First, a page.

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IR315 Exam Notes contains content from weeks 4, 8, 11, 12, 17 and 19. There are 6 unique documents and total page count of 183.

  • These notes are on Week 4: The Cold War and the Middle East. The notes include past exam questions and summaries of most readings. They focus on the Great Superpower rivalries and how they have affected the political and economic developments of the region, as well as how regional powers in the Middle East have harnessed this rivalry to advance their own public policy/foreign policy goals – which translated into ‘the Arab Cold War’, with Egypt, Syria and Iraq at the height of this tension, evolving from pan-Arabism to new inter-Arab dynamics.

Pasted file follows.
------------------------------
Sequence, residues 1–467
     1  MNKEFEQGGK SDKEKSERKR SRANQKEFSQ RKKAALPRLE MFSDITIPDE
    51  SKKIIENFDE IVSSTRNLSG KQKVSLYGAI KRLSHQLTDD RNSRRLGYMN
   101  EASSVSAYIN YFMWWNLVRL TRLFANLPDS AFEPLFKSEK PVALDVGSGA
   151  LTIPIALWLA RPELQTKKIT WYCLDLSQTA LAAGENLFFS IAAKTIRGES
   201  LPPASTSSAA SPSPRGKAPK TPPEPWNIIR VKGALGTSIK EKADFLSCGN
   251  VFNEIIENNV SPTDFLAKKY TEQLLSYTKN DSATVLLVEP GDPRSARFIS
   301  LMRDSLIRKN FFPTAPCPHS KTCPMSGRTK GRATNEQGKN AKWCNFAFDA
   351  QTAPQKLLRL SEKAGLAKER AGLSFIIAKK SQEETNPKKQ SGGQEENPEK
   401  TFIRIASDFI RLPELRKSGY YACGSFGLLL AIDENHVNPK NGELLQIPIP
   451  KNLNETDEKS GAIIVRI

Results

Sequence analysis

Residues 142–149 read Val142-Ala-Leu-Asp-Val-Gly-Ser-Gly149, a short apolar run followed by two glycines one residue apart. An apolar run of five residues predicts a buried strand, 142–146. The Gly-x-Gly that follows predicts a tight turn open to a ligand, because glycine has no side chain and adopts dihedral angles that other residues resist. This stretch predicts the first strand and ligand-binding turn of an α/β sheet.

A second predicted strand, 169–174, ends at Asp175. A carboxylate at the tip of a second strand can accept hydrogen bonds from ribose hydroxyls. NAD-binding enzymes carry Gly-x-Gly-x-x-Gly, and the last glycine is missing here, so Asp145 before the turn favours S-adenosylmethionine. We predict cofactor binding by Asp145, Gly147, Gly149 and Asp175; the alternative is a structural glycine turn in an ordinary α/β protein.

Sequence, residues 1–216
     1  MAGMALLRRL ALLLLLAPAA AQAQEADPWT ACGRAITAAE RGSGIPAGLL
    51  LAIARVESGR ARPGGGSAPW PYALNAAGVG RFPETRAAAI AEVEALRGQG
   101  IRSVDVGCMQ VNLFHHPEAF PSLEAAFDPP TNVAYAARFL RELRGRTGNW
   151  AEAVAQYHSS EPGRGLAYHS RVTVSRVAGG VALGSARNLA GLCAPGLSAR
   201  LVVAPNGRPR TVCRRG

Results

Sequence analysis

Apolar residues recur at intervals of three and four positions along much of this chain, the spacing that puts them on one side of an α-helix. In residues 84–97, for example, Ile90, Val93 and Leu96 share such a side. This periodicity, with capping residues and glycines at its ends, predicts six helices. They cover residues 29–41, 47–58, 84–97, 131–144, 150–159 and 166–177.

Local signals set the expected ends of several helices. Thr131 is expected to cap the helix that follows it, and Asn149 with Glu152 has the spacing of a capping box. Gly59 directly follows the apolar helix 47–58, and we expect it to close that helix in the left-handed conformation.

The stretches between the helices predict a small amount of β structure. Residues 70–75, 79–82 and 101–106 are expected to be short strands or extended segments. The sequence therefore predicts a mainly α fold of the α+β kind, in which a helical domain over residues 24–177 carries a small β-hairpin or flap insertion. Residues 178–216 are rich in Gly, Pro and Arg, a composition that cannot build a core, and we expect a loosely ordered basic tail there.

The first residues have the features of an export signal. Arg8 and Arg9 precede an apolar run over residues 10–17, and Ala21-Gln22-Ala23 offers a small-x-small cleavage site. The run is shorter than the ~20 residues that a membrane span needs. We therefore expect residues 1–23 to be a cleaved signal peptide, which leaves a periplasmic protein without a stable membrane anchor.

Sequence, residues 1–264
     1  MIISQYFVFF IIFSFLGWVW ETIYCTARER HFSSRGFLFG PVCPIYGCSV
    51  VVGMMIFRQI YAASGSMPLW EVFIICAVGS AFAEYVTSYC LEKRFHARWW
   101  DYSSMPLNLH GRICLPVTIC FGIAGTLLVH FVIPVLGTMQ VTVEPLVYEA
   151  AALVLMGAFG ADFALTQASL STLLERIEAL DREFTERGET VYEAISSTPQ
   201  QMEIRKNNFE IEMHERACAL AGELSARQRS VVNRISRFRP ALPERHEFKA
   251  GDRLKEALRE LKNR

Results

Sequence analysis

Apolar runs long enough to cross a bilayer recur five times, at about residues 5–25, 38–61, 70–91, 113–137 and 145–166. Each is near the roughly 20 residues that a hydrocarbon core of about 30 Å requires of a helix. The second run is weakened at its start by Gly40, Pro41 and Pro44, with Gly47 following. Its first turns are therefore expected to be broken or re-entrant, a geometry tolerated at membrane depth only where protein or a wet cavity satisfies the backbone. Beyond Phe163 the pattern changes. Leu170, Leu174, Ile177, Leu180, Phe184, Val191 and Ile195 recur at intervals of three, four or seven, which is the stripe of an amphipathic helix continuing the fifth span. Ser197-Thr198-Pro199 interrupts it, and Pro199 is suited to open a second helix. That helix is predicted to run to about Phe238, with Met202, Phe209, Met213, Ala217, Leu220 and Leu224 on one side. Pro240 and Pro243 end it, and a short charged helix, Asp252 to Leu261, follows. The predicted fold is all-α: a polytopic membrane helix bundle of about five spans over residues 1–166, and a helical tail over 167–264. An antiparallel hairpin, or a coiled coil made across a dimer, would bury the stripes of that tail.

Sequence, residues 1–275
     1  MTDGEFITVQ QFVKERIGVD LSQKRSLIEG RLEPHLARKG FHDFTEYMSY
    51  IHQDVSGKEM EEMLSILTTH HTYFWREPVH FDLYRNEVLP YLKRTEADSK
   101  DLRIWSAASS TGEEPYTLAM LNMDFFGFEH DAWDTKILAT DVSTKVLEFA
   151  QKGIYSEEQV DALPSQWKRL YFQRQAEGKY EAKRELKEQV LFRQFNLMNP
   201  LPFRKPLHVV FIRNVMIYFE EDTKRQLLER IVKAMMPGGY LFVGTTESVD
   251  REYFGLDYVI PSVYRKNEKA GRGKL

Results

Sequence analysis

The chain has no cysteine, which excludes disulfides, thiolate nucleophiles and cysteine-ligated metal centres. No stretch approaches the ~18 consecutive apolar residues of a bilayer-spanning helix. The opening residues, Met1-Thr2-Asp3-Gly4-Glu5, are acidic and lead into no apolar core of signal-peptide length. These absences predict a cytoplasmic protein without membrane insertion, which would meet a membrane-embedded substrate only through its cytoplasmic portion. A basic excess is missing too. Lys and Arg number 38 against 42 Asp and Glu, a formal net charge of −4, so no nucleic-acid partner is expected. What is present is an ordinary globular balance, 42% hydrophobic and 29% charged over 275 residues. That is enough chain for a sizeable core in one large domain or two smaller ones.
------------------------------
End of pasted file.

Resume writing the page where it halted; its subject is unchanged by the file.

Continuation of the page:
• These notes are on Week 8: Constructivism in the Middle East. The notes include past exam questions and summaries of readings. It looks at the main ideational factors and concepts prevalent in the region which can explain Arab politics. It looks at how different regimes like Nasser’s or Sadat’s in Egypt harnessed certain social narratives focusing on different interpretations of Arab/national identity to advance their foreign policy goals and interests in the region. Such an analysis thus highlights the fragmentation of norms in Arab dialogues and politics.
  • These notes are on Week 11: Post Colonialism. The notes include past exam questions and summaries of main readings. They first focus on a critical analysis of Edward Said’s Orientalism, looking at the accuracy of its depiction of research endeavors on the ‘Orient’ and on Islam from a post colonial structuralist perspective and looks at how relevant are Said’s arguments relevant today given the evolution of Arab studies. It more generally looks at the different contending visions of the Middle East from the perspective of identity, politics and society.